The Irish and the Vikings have a long and complicated history together. It is not very common for researchers to use mathematics to investigate a narrative from history, but that is exactly what happened. Researchers applied mathematics to an analysis of Cogad Gáedel re Gallaib, or “The War of the Irish with the Foreigners,” a major medieval Irish text that recounts the Irish-Viking conflict and its culmination in the popular battle of Clontarf in 1014.
This text was reportedly written in the 12th century, at least a hundred years after the battle of Clontarf signaled the end of Viking power in Ireland. The famed Irish king Brian Boru, who led Irish forces against the Norsemen, was killed in the circumstances of the battle. Still, he is praised in the narrative for the victory, and he is compared to other significant figures of history such as the Roman Emperor Augustus.
Academics have applied novel techniques in mathematics, methods described as similar to those used for analysis of social networks. Consequently, they have managed to offer a new perspective on a debate about this historical episode that has lingered for centuries.
It has to do with revisionist historians who’ve countered the traditional interpretations of the chronicle, offering the belief that the conflict was primarily a civil war between Irish forces. In such a scenario, the Vikings could have been involved on both of the opposing Irish sides.
The latest research continues the discussion using Irish and Viking character roles in the text, in an attempt to determine the level of hostility in these interactions. The efforts were carried out by academics of Coventry, Oxford, as well as the Sheffield University and their findings were issued in the Royal Society Open Science journal, published on January 24, 2018.
They have used a mathematical measure that quantifies the level of hostility in the Irish-Viking characters’ constellations, and the research outcomes have come out more in favor of an Irish-Viking conflict rather than an internal clash among the Irish.
In the analysis, a positive value has been used to denote Irish-Irish conflict, and a negative one to depict Irish-Viking hostility. Calculations made at the end suggest a moderate negative coefficient, which indicates a historical episode depicting an Irish-Viking conflict. Regardless of the prevalence of hostile Irish-Viking relationships, forms of Irish-Irish conflict relations do form a “significant proportion of the negative interactions too,” added the study authors.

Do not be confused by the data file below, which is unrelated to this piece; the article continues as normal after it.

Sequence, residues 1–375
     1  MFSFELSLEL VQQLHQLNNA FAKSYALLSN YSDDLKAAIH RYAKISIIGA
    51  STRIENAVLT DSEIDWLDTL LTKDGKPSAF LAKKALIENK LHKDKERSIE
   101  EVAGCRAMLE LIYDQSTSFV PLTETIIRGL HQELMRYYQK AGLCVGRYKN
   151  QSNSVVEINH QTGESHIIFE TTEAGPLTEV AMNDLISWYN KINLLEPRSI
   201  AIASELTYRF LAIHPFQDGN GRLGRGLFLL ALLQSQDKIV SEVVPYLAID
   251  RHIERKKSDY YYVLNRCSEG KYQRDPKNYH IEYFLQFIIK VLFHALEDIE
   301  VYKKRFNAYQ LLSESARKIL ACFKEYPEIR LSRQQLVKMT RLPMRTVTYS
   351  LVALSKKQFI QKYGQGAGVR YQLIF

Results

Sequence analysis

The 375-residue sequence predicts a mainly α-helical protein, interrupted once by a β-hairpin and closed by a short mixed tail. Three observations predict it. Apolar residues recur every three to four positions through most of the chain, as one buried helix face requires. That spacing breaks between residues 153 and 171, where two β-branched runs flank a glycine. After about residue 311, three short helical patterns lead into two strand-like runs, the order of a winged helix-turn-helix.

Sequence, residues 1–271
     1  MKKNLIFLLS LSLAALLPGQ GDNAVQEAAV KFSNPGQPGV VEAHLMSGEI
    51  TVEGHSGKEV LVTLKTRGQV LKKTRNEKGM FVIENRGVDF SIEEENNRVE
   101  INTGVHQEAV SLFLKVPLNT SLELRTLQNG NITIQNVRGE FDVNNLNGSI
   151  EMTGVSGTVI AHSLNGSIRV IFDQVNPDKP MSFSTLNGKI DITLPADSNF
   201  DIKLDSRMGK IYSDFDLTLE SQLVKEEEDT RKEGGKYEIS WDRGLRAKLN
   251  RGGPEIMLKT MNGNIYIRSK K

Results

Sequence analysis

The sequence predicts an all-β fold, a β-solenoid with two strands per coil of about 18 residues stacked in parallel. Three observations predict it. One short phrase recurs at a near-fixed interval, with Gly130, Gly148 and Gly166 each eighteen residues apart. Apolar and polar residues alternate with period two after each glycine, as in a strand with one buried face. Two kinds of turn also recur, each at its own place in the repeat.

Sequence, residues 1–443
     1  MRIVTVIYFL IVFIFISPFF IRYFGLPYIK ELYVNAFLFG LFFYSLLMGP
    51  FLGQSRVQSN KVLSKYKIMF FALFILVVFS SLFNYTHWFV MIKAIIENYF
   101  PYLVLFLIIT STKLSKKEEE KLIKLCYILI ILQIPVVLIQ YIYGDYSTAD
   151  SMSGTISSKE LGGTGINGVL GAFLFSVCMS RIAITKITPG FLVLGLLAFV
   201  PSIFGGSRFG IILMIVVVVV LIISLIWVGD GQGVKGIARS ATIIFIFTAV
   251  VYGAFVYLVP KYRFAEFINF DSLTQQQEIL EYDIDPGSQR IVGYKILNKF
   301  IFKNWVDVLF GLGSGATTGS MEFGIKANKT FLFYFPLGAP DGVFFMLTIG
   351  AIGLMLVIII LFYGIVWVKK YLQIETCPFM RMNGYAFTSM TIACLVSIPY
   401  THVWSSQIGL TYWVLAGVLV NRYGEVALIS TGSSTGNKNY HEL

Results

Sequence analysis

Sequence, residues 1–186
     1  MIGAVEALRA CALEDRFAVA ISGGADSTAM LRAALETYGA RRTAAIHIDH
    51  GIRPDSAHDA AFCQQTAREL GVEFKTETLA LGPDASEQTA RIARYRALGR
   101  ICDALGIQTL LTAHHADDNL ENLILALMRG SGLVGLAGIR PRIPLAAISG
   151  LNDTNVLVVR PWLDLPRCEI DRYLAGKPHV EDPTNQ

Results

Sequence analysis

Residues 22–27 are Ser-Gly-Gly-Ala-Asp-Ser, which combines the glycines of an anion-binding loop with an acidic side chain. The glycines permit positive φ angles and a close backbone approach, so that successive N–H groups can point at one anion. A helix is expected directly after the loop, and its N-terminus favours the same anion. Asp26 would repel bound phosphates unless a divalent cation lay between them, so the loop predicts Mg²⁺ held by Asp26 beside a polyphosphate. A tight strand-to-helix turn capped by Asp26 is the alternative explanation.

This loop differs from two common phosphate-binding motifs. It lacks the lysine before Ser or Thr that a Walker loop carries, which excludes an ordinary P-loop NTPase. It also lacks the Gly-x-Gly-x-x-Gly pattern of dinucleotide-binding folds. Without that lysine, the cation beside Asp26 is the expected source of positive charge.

That the episode is undoubtedly a significant part of Irish history is affirmed by the lead-author of the study, Professor Ralph Kenna of Coventry University’s School of Computing, Electronics, and Maths. He said that “every schoolchild in Ireland is taught about the battle of Clontarf.” He also stated: “We’ve used network science to give a greater understanding of medieval accounts and to give new insight into the relationship and hostilities from this period.”
In an interview in the Irish Times, Dr. Kenna also said that the “analysis of the topic is unique because it involves mathematics and social networks.”
Joseph Yose, a Ph.D. student who participated in the data analysis of the research, said that the medieval text was “skillfully written” but filled with “exaggerating virtues and vices of many of its character.” As Yose explains, the research won’t offer a decisive conclusion to the debate, but he said his team hopes the analysis “delivers useful statistical information on the Viking Age in Ireland.”
The historic battle of Clontarf has been retold in both Irish and Norse traditions, and there are even doses of mysticism and imagination added to it, such as visions said to have been experienced by both sides before the attacks went forward. For instance, fairy women appeared to the followers of Brian and foretold a disaster. Of course, the Irish king lost his life in the ensuing struggle.
The recent analysis followed a heated debate among academics in 2014, the year of the millennium commemoration of the battle. But for at least two and a half centuries, the entire chronicle has been subjected to warring interpretations.